The Glorious Twelfth is a significant date in the Orange Order calendar, marking the victory of Protestant King William of Orange over Catholic King James II at the Battle of the Boyne in 1690.
The Orange Order is a Protestant organization based predominantly in Northern Ireland and Scotland, though it has lodges throughout Canada and the United States.
In Northern Ireland in 1795 the first Orange Lodge was established, with the date of the society’s first general meeting recorded as July 12, 1796.
On July 12, approximately 30 Orange Lodges will gather at the Neelin Street Community Centre (arena) in Carleton Place to celebrate the Battle of the Boyne’s 328th anniversary. Activities include a service of worship at 3 p.m., conducted by Rev. Dr. Ron Hunt of St. Bede’s Anglican Church in Nolan’s Corners. A roast beef dinner follows at 4:30 p.m.
Carleton Place Deputy Mayor Jerry Flynn will bring greetings from the town.
“Jerry has done this for the last couple of years,” Kevin Bradley told the Canadian Gazette.
Bradley is the immediate past master Carleton Place’s Orange Lodge (No. 48), which folded in 2015 after celebrating its 185th anniversary.
Years ago, more than a couple dozen Orange Lodges operated in Lanark County. Today, there are two: Smiths Falls (No. 88) and Montague (No. 512).
“I now belong to Montague’s Orange Lodge,” Bradley said.
There is a parade on Thursday, which begins at 7 p.m., followed by a dance at 8 p.m.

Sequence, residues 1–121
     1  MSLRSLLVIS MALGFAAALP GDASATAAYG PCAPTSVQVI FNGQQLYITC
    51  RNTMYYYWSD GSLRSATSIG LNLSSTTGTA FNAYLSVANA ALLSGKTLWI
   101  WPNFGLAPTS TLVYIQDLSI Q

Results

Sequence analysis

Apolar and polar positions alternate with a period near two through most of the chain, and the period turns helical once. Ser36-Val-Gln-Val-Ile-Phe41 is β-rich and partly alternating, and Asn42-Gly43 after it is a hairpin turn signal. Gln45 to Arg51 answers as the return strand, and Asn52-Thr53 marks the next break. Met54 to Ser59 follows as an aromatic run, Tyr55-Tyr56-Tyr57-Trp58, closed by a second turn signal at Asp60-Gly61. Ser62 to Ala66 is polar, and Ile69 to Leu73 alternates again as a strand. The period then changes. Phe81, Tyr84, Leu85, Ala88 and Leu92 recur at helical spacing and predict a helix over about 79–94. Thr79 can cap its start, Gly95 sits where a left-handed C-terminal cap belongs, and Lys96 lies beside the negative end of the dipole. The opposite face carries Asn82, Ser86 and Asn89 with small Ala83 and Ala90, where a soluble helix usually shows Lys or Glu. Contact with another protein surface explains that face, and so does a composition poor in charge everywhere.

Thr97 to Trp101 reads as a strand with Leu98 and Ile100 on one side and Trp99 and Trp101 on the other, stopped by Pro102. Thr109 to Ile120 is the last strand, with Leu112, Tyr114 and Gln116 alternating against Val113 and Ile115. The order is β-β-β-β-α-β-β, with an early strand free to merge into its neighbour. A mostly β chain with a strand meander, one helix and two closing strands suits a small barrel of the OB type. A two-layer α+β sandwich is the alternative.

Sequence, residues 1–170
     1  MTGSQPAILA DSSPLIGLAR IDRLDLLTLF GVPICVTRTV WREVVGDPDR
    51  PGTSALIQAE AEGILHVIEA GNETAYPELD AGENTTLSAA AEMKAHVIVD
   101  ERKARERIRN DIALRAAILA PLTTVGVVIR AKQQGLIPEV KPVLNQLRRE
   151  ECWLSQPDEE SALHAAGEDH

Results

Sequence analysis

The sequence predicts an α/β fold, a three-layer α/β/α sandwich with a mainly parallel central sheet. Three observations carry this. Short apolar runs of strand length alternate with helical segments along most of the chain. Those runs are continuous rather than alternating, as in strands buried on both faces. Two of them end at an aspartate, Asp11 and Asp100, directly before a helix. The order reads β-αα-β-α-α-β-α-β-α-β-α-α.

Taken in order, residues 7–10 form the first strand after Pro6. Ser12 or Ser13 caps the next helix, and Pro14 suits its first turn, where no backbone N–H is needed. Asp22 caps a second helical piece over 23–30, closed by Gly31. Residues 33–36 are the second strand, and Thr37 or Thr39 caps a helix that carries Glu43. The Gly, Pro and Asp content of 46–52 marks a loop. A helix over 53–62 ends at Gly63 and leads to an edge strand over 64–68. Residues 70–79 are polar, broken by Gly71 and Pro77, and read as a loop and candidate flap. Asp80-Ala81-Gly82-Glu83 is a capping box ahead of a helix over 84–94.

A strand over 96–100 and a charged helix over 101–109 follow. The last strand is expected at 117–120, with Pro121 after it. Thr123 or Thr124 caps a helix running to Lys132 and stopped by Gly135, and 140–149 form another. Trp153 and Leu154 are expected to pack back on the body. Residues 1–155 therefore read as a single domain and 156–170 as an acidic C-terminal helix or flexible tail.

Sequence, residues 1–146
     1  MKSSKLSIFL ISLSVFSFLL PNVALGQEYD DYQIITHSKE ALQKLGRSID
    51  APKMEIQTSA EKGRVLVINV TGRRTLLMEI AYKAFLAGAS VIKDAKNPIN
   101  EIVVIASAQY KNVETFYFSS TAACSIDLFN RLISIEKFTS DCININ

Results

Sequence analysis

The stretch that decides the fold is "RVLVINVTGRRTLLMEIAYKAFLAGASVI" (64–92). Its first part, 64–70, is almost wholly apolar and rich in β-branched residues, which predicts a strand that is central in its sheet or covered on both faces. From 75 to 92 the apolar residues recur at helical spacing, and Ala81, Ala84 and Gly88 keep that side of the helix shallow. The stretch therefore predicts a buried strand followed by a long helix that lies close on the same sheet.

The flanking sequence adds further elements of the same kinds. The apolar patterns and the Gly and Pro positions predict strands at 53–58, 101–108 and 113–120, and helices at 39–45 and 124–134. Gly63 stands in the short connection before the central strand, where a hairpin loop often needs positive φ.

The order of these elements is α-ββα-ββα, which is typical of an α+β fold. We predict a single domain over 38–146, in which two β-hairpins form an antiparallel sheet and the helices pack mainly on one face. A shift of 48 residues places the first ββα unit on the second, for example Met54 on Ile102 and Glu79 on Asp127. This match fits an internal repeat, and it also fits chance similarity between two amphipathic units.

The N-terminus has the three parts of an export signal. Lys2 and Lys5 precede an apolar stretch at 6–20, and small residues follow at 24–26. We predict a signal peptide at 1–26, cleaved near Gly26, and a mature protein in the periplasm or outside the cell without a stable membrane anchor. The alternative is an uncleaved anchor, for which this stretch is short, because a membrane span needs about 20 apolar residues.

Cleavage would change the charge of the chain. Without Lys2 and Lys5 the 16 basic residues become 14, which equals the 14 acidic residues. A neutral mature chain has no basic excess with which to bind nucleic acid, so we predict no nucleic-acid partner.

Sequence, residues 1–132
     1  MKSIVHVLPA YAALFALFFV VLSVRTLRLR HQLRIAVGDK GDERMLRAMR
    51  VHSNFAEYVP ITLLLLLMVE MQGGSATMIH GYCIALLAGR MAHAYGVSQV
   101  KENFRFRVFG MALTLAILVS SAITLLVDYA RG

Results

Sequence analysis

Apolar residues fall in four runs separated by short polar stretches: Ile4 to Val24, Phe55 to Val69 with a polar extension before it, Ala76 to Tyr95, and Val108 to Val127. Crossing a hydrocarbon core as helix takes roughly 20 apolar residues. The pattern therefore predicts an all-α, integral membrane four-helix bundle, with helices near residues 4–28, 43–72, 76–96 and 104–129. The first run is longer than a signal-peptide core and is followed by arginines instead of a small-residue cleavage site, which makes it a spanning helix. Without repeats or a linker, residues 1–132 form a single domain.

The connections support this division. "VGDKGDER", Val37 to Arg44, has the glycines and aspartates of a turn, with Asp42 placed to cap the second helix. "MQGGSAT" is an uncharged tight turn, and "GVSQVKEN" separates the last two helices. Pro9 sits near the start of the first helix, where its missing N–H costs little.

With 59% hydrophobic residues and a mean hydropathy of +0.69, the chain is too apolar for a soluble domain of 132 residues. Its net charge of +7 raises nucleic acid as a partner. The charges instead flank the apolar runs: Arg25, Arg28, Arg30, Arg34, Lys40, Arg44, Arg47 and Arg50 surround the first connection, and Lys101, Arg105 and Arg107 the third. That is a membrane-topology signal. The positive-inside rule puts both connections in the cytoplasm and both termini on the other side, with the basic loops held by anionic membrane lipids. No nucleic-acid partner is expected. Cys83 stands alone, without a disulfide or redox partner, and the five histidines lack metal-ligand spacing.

“Everyone is welcome to attend the dinner and dance,” Bradley stated.
While the dance is free, the cost of the roast beef meal is $20 for adults and $17 for children 12 and under. People can pay at the door.
Bradley stressed the arena is accessible and air-conditioned, and there is plenty of parking.
The parade forms in the arena’s parking lot at 6:30 p.m. From there, it travels down Neelin Street, turning right onto Lake Avenue East. Participants march along Lake Avenue East to Bridge Street, turning right. From Bridge Street the parade turns right on Albert Street, which turns into Sussex Street, before heading back to the arena.
“A number of floats will be sporting Union Jack and Canadian flags,” Bradley said. “We also try to have Ontario’s flag ... we like to have all three.”
Montague’s Orange Lodge will have a small float and band in the parade, which goes rain or shine. The Loyal True Blue Association, a separate branch of the Orange Order, will also participate.
Over the years, the Orange Order has inspired the formation of the Ladies Orange Benevolent Association, Orange Young Britons, Royal Black Preceptory and Junior Orange Lodge.
The Orange Order’s mission is Working together for the betterment of family, community and country. It stands for democratic government, promotion and maintaining the protestant faith, preserving the English language, the public school concept, maintaining the monarchy, a united Canada and supremacy of law.
Carleton Place-Almonte Canadian Gazette